The goal of the Office of Family-School and Community Partnerships is to foster lasting and effective partnerships among all members of the school community, including teachers, families and students. The family`s commitment to schools is therefore essential to high-quality education and is part of the core business of schools. Schools and community groups form partnerships to serve the common goal of helping students. Effective partnerships help achieve this goal by developing programs that expand a school`s presence in the community and provide students with better access to resources outside the classroom. Partnerships between schools and community groups require the input and collaboration of many stakeholders, including school and district officials, teachers and parents. Careful preparation and planning can help education officials gain early buy-in when trying to establish or expand community partnerships: Research shows that effective schools have a high level of parental and community engagement. This commitment is strongly linked to improving student learning, attendance and behaviour. Family involvement can have a huge impact on student learning, regardless of the family`s social or cultural background. The results of these efforts will be significant.
Families who understand the education system and the challenges they face are a valuable source of support that schools should not underestimate. Schools that engage families in their children`s learning use a rich source of information and expertise and can help build communities. The benefits of school-community partnerships are not limited to students and schools. By partnering with schools, community groups have access to the youth they want to help. Partnerships also provide professional development opportunities for employees of community organizations by giving them the opportunity to learn from experienced professional educators. Transform: Practices reflect the ability of schools, families and communities to have meaningful relationships with each other and impact each other. Community partnerships provide direct benefits to students: schools differ significantly in their commitment to family-school partnerships and in the energy and skills they apply to them. Education leaders have the skills to build relationships with community organizations and the knowledge to form partnerships that enhance learning. Mills College`s Master of Arts in Online Educational Leadership program develops graduates who understand the impact of schools on communities as well as the role that community stakeholders can play in addressing conditions that affect learning. Developing family-school partnerships is not always easy. It takes commitment and time. Due to pressures and circumstances, many families need special arrangements or additional support so that they can actively participate in their children`s school life and help their children get the most out of school.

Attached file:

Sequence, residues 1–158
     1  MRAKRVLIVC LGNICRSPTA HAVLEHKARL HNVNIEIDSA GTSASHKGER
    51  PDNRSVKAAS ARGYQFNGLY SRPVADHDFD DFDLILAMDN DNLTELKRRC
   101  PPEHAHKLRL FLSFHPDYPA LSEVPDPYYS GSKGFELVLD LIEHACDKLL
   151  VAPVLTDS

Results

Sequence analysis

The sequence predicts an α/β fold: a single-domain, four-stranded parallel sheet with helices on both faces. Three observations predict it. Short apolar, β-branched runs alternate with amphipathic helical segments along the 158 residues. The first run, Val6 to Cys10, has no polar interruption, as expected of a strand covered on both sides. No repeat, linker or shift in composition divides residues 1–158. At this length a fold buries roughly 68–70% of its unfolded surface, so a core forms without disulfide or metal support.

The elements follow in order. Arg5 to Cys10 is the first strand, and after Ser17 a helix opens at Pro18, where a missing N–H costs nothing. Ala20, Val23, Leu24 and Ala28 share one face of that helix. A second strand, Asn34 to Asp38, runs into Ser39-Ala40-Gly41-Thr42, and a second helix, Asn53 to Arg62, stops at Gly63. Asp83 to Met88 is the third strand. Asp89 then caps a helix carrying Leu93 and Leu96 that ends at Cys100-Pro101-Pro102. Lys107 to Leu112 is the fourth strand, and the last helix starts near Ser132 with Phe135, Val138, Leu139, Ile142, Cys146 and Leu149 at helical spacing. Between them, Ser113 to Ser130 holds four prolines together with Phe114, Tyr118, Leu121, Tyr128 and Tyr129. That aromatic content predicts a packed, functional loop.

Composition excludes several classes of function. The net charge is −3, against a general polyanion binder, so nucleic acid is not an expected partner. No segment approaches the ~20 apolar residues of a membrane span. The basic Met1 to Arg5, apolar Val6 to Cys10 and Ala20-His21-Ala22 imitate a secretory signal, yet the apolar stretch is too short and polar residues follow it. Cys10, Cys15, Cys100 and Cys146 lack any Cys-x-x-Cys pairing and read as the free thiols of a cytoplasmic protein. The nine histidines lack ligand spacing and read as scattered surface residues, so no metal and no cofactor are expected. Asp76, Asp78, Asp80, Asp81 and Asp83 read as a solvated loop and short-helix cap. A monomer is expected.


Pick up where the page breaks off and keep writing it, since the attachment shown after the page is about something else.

In a community school, youth, families and community residents work as equal partners with schools and other community institutions to develop and customize programs and services for that community. Community organizations play an important role in expanding educational resources, professional development and providing safe spaces for students to enjoy social activities and events. When their services are closely aligned with the purpose of schools and educators, they can contribute to better outcomes for students. This section of the toolkit provides examples of partnerships and their relevant documents and documents that can serve as key resources for emerging or sustainable partnerships. Schools use partnerships to obtain resources that expand their skills and enhance student learning opportunities: Community partnerships are relationships that schools build with external organizations to deliver programs or services that complement students` school experience. These partnerships typically take the form of after-school programs, extended day programs, and summer programs. The services they offer focus on areas such as university studies, vocational training and mentoring, community service, health and nutrition, arts, sports and various types of counselling. “In the United States, communities think differently about how to change their schools and neighborhoods. There is tremendous enthusiasm for strategies that weave resources together in a clearly defined “place” to collectively improve outcomes for children, youth, families and communities. Learn more in this report, published jointly by the Coalition for Community Schools, the Institute for Educational Leadership, PolicyLink and the West Coast Collaborative. .